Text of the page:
Radio presenters must ensure peace through professionalism

The world this week is celebrat­ing World Radio Day. The day was formally marked on February 13 by the United Nations General Assembly.

The United Nations Education­al, Scientific and Cultural Organisa­tion (UNESCO) declared February 13 as World Radio Day because on this day United Nations Radio was first established in 1946. Among other things, it is observed to pre­serve the importance of radio as well as to encourage decision-mak­ers to provide access to informa­tion through radio.

The day is a celebration of the role of radio as a means of communication and expression. It is to help people to understand and appreciate the role of radio and how it has helped people to stay updated with the news. According to UNESCO, this year’s World Radio Day is to help more people to be aware of the importance of radio.

Against the backdrop of uncertainties, riots, commotions, conflicts and wars, the theme for World Radio Day 2023 as ‘Radio and Peace’ is timely and fascinat­ing. It brings into sharp focus the role of radio as an independent medium of peacemaking. The sub-theme of the day is ‘Radio in Con­flict Prevention and Peacebuilding’ and ‘Support to Independent Radio’ is also very significant.

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By this theme, radio in Ghana must be used towards effective peacebuilding. Utterances of presenters and their guests must be ordered by high circumspection and decorum. Radio in Ghana must enhance the three mutually reinforcing dimensions: of national and community as security, peace in governance and politics to ensure a resounding social, economic and environmental.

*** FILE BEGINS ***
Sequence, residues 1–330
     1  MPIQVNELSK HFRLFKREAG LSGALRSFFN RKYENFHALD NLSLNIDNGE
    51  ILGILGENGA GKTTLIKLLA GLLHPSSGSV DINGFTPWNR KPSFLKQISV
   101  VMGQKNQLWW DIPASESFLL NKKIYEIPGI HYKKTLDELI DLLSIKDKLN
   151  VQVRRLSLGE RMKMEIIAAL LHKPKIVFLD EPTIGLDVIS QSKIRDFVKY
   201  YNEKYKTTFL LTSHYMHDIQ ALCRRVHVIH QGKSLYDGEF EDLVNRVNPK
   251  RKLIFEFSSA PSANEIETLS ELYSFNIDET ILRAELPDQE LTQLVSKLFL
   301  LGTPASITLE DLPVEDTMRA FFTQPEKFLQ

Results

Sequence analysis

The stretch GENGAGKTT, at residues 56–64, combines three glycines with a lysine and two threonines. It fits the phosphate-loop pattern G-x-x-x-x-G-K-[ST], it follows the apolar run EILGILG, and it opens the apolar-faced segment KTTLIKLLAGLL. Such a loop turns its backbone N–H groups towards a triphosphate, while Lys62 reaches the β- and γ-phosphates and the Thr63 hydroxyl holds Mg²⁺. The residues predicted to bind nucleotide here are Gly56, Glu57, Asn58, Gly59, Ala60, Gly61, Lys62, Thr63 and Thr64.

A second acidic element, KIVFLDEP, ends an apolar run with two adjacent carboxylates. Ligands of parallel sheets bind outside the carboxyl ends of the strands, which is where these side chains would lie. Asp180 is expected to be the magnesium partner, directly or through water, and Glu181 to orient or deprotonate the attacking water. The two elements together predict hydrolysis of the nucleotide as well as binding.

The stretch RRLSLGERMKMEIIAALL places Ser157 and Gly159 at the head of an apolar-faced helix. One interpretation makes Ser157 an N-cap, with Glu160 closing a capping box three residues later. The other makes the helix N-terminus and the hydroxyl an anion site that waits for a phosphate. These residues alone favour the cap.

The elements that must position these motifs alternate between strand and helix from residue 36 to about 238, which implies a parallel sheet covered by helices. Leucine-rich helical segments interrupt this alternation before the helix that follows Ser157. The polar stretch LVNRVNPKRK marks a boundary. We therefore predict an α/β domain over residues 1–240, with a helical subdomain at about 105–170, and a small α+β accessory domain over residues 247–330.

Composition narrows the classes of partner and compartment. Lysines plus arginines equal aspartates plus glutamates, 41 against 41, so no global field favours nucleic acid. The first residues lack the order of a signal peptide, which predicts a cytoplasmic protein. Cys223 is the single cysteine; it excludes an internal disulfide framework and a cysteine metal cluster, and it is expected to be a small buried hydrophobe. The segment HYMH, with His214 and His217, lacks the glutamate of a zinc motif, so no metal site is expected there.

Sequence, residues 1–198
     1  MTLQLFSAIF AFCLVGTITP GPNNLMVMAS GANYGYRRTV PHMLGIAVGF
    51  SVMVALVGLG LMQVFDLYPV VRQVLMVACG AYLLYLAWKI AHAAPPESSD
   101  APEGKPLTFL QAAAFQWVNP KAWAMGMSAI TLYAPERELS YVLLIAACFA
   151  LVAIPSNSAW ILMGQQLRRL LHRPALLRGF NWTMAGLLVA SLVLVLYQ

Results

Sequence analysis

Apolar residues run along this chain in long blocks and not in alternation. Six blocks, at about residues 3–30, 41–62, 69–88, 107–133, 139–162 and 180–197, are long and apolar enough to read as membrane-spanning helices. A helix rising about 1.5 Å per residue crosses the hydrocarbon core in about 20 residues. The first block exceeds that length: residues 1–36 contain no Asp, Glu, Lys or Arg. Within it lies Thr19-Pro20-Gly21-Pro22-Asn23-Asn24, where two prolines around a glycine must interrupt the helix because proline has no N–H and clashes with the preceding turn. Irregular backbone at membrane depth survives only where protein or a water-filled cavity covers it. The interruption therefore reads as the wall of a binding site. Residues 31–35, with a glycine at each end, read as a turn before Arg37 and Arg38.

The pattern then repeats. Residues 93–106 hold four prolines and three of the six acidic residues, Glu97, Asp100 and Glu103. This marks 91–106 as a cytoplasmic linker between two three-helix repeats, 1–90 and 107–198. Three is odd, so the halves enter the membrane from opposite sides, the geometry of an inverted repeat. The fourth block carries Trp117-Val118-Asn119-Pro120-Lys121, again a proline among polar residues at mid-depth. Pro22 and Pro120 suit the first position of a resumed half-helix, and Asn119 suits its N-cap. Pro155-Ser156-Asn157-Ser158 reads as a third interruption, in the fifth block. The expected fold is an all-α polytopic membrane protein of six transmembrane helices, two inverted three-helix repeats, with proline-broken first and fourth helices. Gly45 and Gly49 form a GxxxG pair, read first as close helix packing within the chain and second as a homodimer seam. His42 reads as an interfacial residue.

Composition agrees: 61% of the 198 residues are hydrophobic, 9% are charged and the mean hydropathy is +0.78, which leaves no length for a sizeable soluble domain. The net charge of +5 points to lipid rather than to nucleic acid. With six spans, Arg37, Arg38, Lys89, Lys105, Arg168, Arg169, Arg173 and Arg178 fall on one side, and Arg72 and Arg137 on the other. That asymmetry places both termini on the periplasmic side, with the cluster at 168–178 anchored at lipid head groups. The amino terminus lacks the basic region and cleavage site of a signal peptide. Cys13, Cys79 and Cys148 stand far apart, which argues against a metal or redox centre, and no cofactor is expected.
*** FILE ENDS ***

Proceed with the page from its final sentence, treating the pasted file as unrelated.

One of the most powerful communication tools of the 21st Century. Despite the rise in social media and the emergence of the digital age, radio still remains one of the most powerful communica­tion tools of the 21st century.

Radio news is faster than newspaper news. Radio news is presented moments after the news event occurs whereas newspapers have to wait for about 24 hours before they can publish the news to their readers. The language used in radio news is to-the-point and very concise whereas newspaper news is a little bit more detailed.

Across the globe and Ghana for that matter, radio plays a critical role in building peace in the minds of men. A more relevant theme wouldn’t have been appropriate on this occasion of the 12th edition of World Radio Day, than “Radio and Peace”.

In Southern Africa, radio still has the widest audience footprint, reaching millions who have no access to the Internet. Marginalized communities that are still devel­oping depend on radio to receive information that influences their livelihoods. Community radio stations have been instrumental in peacebuilding as they reach communities at the grassroots level and use mother languages spoken locally.

In Ghana radio can be a key pillar for conflict prevention and peacebuilding in areas where conflicts have occurred. Current­ly, Ghana is struggling to solve a number of conflict situations paramount is what is happening in Bawku.

Radio stations in and around Bawku and places where conflicts have shown their ugly head to use local language and culture to bring factions to the table and help smoke the peace pipe. What politics and religion have damaged; radio must be there to repair.

When independent from po­litical and commercial influence, radio must be able to tackle both root causes and triggers of conflict and stimulate democratic debate with its listeners. It is not radio flash reporting that contrib­utes to conflict prevention and peacebuilding but rather radio professionals’ accountability to citizens,